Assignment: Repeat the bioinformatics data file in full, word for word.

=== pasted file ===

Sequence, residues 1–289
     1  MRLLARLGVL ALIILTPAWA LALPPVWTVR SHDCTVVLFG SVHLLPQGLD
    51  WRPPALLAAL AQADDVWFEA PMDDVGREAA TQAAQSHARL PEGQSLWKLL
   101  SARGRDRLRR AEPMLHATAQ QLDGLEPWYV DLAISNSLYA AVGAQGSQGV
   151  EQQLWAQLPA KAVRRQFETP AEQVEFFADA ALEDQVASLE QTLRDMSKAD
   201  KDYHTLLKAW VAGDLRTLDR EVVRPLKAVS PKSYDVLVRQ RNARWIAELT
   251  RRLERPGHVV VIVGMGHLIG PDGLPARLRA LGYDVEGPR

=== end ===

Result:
Sequence, residues 1–289
     1  MRLLARLGVL ALIILTPAWA LALPPVWTVR SHDCTVVLFG SVHLLPQGLD
    51  WRPPALLAAL AQADDVWFEA PMDDVGREAA TQAAQSHARL PEGQSLWKLL
   101  SARGRDRLRR AEPMLHATAQ QLDGLEPWYV DLAISNSLYA AVGAQGSQGV
   151  EQQLWAQLPA KAVRRQFETP AEQVEFFADA ALEDQVASLE QTLRDMSKAD
   201  KDYHTLLKAW VAGDLRTLDR EVVRPLKAVS PKSYDVLVRQ RNARWIAELT
   251  RRLERPGHVV VIVGMGHLIG PDGLPARLRA LGYDVEGPR